- Precious metals advanced with silver gaining the most
- Agriculture sector was negative with coffee and wheat notably weak
Reasons for Optimism
- Solid Economic Foundation – the U.S. economy was healthy prior to the COVID-19 crisis. The ensuing recession was caused by exogenous shock, not a typical end to the business cycle. This could hold promise for the recovery.
- Credible, Coordinated Policy Response – the global coordination, swiftness and magnitude of the monetary and fiscal policy response is unprecedented and should help to bridge the gap toward economic renewal.
- Attractive Value vs. Bonds – the gap in value between stocks and bonds is wide suggesting investors can potentially realize greater reward from stocks.
- Increased Alpha Potential – wide valuation spreads mean increased dispersion across individual stocks and an opportunity for active portfolio management to make a difference in returns.
Reasons for Caution
- Hidden Vulnerabilities – the lockdown-driven decline in economic activity and spike in unemployment has left the U.S. economy more exposed to risks. Hiccups in the reopening process could expose some vulnerability in the market.
- Risk of Second Wave of Infection – A new round of infections is possible. Its effect on the healthcare system and renewed closures is unknown. The upside is that we are wiser and more prepared if this happens.
- Heightened Geopolitical Tensions – The U.S.-China relationship is further strained. If tensions flare, market volatility is likely. The move towards deglobalization will have margin and inflation implications down the road.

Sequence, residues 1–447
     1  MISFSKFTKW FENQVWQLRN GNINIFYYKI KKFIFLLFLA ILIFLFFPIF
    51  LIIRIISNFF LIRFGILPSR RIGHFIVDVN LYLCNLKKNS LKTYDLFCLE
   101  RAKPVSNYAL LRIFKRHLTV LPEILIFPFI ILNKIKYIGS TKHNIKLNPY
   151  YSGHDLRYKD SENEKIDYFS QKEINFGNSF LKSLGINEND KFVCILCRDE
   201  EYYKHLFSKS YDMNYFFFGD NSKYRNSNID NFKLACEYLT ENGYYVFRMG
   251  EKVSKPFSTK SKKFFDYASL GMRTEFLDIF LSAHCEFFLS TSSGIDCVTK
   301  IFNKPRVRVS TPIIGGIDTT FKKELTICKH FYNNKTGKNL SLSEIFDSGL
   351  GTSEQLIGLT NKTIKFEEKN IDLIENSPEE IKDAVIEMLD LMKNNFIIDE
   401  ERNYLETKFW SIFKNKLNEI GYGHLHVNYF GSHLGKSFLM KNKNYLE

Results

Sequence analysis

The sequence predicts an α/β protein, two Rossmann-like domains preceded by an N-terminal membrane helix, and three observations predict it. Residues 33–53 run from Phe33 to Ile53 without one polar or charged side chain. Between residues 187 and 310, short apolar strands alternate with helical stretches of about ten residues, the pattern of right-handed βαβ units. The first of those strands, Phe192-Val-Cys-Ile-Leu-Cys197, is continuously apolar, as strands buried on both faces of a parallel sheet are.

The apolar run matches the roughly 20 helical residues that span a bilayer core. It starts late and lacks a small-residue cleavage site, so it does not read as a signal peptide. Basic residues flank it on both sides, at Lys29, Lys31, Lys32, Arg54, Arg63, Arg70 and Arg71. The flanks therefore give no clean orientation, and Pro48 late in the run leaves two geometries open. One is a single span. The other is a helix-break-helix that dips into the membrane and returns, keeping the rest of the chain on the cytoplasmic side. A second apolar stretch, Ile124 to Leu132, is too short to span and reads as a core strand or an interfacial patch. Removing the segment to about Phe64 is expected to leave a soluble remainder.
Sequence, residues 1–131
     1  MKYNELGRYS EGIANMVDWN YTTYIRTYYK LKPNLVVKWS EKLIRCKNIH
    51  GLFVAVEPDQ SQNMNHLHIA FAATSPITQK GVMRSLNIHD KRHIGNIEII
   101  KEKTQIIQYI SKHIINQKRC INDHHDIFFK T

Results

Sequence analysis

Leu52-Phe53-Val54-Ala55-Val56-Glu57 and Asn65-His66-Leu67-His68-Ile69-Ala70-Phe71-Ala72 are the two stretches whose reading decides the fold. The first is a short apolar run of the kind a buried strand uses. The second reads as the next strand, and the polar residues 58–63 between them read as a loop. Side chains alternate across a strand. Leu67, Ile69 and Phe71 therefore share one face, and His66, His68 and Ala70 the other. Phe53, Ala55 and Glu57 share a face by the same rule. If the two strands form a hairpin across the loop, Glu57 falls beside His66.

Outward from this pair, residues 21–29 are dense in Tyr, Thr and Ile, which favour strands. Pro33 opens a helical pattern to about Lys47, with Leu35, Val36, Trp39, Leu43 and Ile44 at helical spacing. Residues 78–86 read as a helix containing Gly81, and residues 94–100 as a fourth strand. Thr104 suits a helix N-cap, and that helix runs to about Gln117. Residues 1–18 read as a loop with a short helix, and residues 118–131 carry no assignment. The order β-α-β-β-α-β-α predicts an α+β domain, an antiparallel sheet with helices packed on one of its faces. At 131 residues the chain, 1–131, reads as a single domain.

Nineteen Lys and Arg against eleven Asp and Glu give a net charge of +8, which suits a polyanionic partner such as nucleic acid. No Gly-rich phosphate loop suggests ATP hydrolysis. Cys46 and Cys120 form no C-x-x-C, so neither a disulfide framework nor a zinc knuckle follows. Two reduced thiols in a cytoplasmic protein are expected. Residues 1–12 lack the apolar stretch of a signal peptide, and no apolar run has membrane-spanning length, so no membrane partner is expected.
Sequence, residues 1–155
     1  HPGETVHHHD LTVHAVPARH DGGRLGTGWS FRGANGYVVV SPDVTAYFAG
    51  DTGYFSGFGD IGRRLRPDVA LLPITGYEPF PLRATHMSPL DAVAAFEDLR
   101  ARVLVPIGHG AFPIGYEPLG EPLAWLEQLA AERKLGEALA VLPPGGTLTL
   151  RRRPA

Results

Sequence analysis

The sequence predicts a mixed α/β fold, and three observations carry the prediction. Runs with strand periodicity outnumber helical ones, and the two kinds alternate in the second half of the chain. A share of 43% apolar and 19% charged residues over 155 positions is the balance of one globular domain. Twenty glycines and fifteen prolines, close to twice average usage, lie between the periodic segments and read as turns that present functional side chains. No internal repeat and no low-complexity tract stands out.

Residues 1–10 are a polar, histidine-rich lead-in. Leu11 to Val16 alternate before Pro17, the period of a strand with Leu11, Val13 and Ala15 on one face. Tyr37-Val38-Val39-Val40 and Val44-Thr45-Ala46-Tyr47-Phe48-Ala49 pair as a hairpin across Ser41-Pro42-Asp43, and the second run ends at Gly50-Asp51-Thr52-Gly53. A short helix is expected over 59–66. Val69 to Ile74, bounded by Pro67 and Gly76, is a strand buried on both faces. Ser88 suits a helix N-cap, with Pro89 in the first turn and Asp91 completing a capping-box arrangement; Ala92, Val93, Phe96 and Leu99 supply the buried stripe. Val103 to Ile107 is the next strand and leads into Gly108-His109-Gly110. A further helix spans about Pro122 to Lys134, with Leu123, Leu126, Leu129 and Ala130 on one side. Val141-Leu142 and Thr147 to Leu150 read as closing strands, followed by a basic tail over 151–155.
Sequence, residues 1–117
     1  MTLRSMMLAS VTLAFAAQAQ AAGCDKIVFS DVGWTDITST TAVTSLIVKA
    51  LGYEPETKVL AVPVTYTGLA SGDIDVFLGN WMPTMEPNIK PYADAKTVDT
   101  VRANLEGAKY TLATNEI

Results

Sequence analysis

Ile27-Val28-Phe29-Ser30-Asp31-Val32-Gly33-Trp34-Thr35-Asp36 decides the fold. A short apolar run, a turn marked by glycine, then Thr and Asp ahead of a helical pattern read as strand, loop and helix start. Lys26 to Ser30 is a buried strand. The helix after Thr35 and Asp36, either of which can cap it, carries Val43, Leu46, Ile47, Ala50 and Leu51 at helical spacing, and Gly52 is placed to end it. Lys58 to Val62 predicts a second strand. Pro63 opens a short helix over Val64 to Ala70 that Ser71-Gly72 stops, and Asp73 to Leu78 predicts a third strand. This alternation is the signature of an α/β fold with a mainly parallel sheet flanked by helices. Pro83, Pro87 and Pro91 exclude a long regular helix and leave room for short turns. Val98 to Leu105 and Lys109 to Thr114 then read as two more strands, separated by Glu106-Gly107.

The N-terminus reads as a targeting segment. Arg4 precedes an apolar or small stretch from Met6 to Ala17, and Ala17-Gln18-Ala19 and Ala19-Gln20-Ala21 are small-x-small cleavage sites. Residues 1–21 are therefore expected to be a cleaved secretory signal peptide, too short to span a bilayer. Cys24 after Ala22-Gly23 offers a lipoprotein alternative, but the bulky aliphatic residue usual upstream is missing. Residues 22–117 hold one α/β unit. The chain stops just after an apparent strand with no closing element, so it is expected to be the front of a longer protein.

- Absolute Valuations are Not Cheap – Stock prices are attractive relative to bonds, but the P/E ratio tells a different story. Stock process relative to 12-month forward earnings per share was 21x at the end of May.
As we continue to make our way through 2020, its important to keep the overall picture in mind. When looking back at the last decade, most people would agree that it was a decade of solid growth. At the beginning of 2010, following the 2008-2009 financial crisis, many investors were contemplating whether it was prudent to stick with their investment plan or move to cash and wait for more evidence that the market had recovered. The S&P’s annualized return during the 2010s was 10.8%. Despite positive annual market returns during most of the decade, investors had to process ever-present uncertainty arising from a host of events, including an unprecedented U.S. credit rating downgrade, sovereign debt problems in Europe, negative interest rates, flattening yield curves, the Brexit vote, the 2016 presidential election, recessions in Europe and Japan, slowing growth in China, trade wars and geopolitical turmoil in the Middle East, to name a few.
Despite all the change and uncertainty, the fundamentals of successful investing endured. Diversification across markets and asset groups coupled with a disciplined, long-term approach has historically proven to return positive results. Keeping daily news in perspective and avoiding making reactionary decisions based on fear and anxiety will also prove to be beneficial. No one can predict future performance or time the market. Instead, it is important to develop a sensible investment plan based on a strong philosophy and stick with it. At Paradigm we look to provide the expertise, perspective and encouragement to keep you focused on your destination.
The Paradigm Wealth Management Team
References: Fidelity Investments, BlackRock, DFA